Maker:0x4c,Date:2017-9-23,Ver:4,Lens:Kan03,Act:Lar01,E-Y

Maker:0x4c,Date:2017-9-23,Ver:4,Lens:Kan03,Act:Lar01,E-Y

 

Wicking: The truest test of any performance sock (or material) for me is wicking. When you sweat as much as I do having the material you’re wearing move moisture away from your skin as quickly as possible for as long as possible is a big deal. These socks pass the muster. They have done a great job of keeping my feet as dry as possible and as comfortable as can be while in the midst of some pretty grueling conditions.

Durability: These socks are tough. I have worn them 4-5 days a week, washing and drying them in machines, not by hand and air drying, and they show no real signs of visible wear. I’ve run somewhere in the neighborhood of 250 mile in them, worn them to the gym a few dozen times, walked around the yard in them, around the house and generally treated them like they deserved a good beating.

Maker:0x4c,Date:2017-9-23,Ver:4,Lens:Kan03,Act:Lar01,E-Y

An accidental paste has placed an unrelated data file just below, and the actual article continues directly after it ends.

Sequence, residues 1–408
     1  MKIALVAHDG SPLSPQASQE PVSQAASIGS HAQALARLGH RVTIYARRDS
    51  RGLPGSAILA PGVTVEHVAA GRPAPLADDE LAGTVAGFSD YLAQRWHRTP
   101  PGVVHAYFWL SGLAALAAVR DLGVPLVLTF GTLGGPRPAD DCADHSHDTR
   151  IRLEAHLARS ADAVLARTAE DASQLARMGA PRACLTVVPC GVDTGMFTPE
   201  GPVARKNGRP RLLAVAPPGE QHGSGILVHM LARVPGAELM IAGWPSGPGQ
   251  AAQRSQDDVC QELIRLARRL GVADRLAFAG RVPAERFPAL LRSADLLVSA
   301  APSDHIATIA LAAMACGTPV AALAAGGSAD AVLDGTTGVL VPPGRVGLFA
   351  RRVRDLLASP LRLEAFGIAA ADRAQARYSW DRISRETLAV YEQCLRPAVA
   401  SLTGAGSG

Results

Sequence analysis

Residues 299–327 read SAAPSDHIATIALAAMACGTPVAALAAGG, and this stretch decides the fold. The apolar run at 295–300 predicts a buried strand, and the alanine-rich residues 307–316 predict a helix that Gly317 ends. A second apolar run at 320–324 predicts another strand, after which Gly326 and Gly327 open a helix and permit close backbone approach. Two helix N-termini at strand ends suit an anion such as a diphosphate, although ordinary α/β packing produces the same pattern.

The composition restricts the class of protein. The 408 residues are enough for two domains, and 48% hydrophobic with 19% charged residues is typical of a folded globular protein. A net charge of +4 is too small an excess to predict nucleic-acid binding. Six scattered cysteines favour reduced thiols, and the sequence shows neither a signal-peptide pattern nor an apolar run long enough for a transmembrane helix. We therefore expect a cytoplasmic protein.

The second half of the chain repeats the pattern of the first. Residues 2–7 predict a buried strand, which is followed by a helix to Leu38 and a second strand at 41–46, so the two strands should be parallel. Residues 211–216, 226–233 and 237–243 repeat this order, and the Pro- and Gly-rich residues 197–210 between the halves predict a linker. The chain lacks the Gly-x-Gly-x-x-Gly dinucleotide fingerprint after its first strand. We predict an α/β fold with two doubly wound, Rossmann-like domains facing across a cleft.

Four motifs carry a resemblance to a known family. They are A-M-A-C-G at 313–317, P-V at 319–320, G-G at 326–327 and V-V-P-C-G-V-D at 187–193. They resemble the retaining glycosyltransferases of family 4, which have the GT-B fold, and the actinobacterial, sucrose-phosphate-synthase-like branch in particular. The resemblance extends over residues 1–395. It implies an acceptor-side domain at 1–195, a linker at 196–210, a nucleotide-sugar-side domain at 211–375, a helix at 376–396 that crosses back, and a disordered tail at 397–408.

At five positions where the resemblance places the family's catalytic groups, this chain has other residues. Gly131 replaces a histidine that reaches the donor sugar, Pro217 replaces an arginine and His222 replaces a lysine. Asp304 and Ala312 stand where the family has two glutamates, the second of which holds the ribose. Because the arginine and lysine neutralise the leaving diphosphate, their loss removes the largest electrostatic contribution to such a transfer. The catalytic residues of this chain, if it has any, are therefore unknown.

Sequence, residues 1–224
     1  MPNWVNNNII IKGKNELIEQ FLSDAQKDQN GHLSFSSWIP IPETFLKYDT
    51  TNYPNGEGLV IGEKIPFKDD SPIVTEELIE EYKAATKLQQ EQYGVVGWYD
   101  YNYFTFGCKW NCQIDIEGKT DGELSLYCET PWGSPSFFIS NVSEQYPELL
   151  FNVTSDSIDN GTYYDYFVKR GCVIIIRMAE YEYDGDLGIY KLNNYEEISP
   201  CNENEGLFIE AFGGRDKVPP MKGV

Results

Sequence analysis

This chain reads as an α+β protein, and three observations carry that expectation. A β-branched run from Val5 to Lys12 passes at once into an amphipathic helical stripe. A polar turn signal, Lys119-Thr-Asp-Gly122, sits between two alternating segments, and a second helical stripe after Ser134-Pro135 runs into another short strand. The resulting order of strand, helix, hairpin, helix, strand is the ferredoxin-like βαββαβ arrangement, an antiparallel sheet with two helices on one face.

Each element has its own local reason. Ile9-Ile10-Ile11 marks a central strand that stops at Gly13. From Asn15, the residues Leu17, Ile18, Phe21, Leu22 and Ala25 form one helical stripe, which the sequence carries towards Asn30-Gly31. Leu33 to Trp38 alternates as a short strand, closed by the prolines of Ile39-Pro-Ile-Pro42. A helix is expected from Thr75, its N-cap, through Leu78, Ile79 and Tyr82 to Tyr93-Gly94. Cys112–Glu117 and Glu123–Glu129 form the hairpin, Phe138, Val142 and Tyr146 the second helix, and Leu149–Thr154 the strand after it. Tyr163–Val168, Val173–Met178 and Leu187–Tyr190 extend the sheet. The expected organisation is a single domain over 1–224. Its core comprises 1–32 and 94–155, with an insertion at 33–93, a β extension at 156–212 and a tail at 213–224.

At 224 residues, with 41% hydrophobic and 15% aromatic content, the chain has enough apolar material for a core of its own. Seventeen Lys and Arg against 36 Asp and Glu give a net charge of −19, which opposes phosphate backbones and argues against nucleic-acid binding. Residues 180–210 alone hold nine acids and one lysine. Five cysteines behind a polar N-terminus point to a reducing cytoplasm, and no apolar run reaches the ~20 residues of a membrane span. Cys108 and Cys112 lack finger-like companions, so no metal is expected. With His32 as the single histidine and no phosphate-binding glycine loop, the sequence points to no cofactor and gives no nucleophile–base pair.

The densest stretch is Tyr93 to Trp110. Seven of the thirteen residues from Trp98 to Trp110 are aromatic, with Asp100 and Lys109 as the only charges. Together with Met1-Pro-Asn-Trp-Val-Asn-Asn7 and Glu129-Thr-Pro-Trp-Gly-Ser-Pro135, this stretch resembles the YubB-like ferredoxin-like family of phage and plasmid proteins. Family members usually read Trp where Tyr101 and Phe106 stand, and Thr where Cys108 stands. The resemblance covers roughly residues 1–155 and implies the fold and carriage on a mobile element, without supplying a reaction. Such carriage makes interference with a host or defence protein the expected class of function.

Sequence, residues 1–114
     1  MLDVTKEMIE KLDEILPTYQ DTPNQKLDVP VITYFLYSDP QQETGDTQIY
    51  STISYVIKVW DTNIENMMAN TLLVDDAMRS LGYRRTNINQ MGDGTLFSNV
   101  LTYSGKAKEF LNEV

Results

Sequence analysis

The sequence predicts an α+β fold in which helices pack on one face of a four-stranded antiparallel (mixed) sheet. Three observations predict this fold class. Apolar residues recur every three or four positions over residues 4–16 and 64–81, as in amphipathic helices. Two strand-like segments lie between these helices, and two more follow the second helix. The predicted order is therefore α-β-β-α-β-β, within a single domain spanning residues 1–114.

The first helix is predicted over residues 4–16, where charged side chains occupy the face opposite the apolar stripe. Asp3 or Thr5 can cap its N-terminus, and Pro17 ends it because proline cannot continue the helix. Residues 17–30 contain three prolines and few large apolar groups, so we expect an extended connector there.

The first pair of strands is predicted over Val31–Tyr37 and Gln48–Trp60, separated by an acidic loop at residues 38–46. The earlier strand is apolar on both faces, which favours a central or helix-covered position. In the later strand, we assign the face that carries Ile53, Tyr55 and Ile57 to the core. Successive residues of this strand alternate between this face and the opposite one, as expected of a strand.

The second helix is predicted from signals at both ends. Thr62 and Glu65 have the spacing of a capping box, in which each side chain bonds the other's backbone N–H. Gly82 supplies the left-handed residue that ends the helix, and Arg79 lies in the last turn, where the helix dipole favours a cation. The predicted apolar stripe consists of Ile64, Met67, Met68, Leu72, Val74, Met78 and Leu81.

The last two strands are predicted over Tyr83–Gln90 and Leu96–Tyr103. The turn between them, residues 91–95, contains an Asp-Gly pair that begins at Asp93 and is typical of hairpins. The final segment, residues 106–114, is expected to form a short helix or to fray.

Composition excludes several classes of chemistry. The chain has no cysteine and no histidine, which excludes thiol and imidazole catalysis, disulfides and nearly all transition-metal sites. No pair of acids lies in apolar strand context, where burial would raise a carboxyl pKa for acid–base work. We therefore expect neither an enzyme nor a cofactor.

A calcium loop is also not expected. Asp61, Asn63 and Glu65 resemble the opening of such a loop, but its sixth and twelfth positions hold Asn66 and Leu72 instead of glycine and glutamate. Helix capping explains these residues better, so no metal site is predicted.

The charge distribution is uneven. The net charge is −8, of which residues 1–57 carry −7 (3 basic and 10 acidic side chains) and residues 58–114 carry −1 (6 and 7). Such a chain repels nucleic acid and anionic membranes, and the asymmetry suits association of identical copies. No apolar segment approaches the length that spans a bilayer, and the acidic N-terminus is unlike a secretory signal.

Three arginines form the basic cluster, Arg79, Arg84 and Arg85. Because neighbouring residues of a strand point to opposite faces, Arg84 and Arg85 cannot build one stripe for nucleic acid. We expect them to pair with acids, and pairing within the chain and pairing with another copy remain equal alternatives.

Neutral:

 

Breathability: I know I just said that they wicked really well, and you would think that wicking and breathing go hand in hand; and they do. Don’t get me wrong they let you feet breath just fine. They allow air to flow right on in and help keep your feet cool and dry… when you’re moving.

When you are just lounging about in them, they seem to run a bit warm. Meaning that my feet always feel a bit warmer than I think they should when I’m wearing them and not actively moving around. You might wear them and think, that guy is crazy, or you might agree with me. It’s a personal thing.

 

Price: I’m putting this as neutral item for a couple of reasons. Firstly, I don’t know what the actual price will be when they are set loose upon the world, but going by their other socks, I expect them to be in the range of 20-30 bucks a pair; which is steep if you’re short on cash. Secondly, I believe that you get what you pay for and if you want the highest quality and best performance, well you must pay for it. So pricing gets a middle of the road score.